Airport unveils historical display
More than 100 years ago, the forests of central Pennsylvania needed sturdy men to cut the trees and haul them from the woods to be transported to markets.
Those lumbering days have come alive at the Williamsport Regional Airport with a retrospective of the era.
Keystone Wood Products Association donated the educational display, which includes six hardwood panels and an interactive wall inside the airport’s new terminal.
“It’s a way of showcasing information with visitors to share the rich heritage of the industry,” said Stephanie Phillips-Taggart, KWPA marketing coordinator.
The six hardwood panels, constructed separately of ash, red maple, red oak, birch, hickory and cherry, display photographs of hardworking lumbermen from the 1800s and scenes from both that bygone era and the modern age, along with facts and figures of tree species and other information about the hardwood industry.
“We are really thrilled with it,” said Thomas Hart, airport executive director.
Hart said the displays have gained favorable reviews from travelers and other visitors.
“And it’s a good history lesson,” he added.
KWPA Board Chairman Nicholas Bisaccia noted the “clarity and depth” of the photographs found on the display panels.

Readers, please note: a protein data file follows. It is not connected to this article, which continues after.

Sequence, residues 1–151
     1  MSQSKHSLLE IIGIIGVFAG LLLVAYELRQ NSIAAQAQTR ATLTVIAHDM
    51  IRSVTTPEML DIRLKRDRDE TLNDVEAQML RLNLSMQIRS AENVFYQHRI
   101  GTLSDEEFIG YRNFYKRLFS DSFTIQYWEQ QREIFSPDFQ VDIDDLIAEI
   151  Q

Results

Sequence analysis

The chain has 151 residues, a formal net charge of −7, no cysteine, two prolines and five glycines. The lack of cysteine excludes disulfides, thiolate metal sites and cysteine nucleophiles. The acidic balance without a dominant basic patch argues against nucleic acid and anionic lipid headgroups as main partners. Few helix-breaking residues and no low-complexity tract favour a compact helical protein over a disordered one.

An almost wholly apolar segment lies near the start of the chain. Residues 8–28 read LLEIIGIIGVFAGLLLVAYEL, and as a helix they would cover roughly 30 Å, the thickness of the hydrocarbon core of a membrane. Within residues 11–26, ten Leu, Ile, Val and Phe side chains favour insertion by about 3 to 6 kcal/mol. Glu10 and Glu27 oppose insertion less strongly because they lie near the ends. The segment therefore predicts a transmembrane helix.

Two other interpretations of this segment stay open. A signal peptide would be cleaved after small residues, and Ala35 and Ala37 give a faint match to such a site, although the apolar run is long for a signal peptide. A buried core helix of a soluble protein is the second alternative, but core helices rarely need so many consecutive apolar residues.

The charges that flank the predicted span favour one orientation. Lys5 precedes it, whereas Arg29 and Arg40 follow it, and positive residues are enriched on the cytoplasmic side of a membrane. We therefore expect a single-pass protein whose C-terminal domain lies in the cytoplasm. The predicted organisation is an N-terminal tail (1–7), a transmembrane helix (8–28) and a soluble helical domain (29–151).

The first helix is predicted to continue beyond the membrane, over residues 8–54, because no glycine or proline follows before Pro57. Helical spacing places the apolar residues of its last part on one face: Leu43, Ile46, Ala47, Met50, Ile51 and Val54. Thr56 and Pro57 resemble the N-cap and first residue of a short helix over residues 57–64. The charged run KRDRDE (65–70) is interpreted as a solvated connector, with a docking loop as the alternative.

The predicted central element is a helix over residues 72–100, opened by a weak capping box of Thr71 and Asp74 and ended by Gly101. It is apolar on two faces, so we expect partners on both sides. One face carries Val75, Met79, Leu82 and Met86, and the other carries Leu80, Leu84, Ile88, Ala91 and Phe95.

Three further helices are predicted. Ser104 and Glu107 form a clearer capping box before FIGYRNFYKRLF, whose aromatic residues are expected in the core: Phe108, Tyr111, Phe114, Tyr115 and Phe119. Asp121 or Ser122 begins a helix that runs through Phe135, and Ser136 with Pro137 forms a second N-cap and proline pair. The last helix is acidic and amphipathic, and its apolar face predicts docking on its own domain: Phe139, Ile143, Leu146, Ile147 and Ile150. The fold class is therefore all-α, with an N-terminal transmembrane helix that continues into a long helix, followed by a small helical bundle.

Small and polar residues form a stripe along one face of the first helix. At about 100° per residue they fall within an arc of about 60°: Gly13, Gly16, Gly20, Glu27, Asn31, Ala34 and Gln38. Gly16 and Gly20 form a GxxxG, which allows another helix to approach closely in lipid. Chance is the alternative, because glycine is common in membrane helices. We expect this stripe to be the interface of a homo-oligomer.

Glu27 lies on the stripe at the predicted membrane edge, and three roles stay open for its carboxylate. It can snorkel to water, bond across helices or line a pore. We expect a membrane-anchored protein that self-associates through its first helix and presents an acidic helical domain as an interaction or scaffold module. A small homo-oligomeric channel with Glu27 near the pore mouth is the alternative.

“I am extremely thrilled with the way it turned out,” he said.
The project is the result of a team effort, according to Phillips-Taggart.
“The hardwood was donated by Pennsylvania College of Technology and profiled by Lewis Lumber Products,” she said. “Students and instructors at SUN Area Technical Institute manufactured the panels. The project was completed by Jim Vanderlin and Company, who assisted with placing the imagery and information on the panels.”
The Lycoming County Historical Society, Union County Historical Society and the Bill Brooks family collection donated many of the photographs. Pennsylvania Hardwood Development Council, Penn College, Dwight Lewis Lumber, Lewis Lumber Products, and the James Wood Co. provided modern day images.
The interactive monitor, allowing visitors to learn lumber industry information by a touch screen, can be found below a photograph of the Susquehanna River hick statue taken by Eric Stashak.
Former KWPA Board Chairman Scott Seyler said it’s the hope that the airport’s many visitors enjoy learning about the area’s lumber heritage.
“Through outreach efforts such as this, we are dedicated to preserving the past, embracing the present and securing the future of the wood products industry,” he said.